The debate over the impact of the media on the minds and hearts of adults and children has raged since the onset of radio and television and never more pointedly than in the two decades since the explosion of the Internet. During that time we have argued over explicit song lyrics, ratings systems for movies and television, the sub-text of commercials and even the availability of and free speech arguments for pornography online.
Modern Iconoclasts Hard at Work
What is less obvious, and sometimes more insidious, is the subtle twisting of the words that are ordinarily used to define and defend the most important aspects of our faith. Simply put, pop bands and pornographers are not necessarily the liars, they don’t hide their identities. But the omnipresent words and images that drench the American landscape through advertisements and press releases are subtley distorting the meaning of words traditionally in the comfortable possession of popes, patriarchs, priests and deacons.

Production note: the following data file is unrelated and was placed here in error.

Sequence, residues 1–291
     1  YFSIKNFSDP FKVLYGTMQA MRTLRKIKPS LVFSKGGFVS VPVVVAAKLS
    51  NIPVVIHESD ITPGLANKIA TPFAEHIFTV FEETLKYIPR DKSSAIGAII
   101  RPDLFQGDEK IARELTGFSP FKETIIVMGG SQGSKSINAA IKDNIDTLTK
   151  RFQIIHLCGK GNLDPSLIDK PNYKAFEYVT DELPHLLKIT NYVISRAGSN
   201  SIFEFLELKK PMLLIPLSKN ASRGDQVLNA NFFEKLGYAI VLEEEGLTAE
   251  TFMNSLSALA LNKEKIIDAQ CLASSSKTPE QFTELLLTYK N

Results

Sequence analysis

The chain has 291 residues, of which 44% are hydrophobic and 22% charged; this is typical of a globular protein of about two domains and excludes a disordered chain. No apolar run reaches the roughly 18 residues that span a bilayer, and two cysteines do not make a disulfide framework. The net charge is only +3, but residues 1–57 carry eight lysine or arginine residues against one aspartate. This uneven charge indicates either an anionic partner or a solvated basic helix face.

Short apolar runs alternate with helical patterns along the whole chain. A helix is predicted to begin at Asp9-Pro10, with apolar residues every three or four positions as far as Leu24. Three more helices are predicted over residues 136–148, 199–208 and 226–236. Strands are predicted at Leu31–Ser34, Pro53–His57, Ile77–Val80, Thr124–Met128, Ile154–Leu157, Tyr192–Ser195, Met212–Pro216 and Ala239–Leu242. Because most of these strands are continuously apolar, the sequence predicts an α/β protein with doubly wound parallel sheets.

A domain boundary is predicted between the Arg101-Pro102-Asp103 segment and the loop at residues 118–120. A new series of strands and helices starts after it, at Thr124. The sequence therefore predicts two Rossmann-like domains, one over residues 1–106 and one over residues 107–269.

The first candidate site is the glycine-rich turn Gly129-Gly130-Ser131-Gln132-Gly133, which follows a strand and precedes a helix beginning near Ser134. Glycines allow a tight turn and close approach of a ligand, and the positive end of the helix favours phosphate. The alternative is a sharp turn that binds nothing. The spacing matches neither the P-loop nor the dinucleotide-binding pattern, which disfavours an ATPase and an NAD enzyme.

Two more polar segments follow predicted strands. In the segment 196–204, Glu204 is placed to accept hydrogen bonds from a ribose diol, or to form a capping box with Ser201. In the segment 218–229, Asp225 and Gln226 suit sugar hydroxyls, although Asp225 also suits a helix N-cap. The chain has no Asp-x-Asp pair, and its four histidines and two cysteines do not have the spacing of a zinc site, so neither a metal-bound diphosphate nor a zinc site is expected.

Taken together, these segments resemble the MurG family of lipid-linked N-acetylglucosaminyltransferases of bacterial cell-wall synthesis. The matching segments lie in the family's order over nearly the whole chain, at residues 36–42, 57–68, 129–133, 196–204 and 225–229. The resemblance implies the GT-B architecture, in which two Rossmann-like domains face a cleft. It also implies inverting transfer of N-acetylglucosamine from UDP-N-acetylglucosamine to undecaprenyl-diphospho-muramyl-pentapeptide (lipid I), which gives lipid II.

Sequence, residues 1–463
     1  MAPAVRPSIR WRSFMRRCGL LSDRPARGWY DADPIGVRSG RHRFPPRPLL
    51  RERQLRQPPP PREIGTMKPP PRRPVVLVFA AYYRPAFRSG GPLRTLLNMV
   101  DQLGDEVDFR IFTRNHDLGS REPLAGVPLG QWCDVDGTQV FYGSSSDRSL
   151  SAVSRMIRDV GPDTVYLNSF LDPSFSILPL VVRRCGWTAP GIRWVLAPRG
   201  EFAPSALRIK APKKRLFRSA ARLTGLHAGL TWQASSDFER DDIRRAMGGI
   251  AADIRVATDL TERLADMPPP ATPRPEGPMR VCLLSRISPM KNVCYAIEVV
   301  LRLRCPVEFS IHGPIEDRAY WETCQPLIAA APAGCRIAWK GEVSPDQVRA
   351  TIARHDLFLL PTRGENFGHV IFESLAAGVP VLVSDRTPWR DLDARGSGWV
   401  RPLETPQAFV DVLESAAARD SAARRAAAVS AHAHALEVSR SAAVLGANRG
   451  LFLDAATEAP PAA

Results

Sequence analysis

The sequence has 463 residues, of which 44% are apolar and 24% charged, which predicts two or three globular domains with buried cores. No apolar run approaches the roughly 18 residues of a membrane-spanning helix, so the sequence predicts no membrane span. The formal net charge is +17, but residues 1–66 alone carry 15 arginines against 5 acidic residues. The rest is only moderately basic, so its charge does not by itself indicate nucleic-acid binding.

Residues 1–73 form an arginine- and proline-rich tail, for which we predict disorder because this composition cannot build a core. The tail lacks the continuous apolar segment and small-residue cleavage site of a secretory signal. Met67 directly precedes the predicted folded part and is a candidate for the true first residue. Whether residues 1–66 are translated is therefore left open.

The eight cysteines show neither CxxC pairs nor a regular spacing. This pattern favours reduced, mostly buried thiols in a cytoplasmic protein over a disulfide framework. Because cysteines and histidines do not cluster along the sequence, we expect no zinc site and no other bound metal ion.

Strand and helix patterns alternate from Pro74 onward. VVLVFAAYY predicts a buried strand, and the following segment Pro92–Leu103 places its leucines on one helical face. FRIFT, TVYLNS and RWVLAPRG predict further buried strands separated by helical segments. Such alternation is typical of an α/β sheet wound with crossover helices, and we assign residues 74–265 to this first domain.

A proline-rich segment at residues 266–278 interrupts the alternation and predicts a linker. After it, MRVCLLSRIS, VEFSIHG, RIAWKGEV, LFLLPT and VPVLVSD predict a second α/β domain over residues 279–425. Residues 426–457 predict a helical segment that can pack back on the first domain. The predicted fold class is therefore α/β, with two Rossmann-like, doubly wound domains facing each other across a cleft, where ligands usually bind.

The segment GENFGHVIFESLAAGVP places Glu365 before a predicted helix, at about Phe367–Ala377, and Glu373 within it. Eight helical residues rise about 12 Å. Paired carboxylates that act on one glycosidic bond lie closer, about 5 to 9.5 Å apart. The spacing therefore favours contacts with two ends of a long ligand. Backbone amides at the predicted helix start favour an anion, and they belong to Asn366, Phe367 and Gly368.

Just try conducting a web search of the following: the second coming, true religion, seven deadly sins, incarnate, heaven and resurrection. Would it surprise you to know that these words are used to describe everything from clothing and food to cars and games? Though their etymology is long and varied, the modern distortion of these words makes it all that much more difficult for the Church to catechize the young and old alike.
The Sacred Canopy
On page 48 of his book, Why Religion Matters, the late Huston Smith offers one explanation for the problem: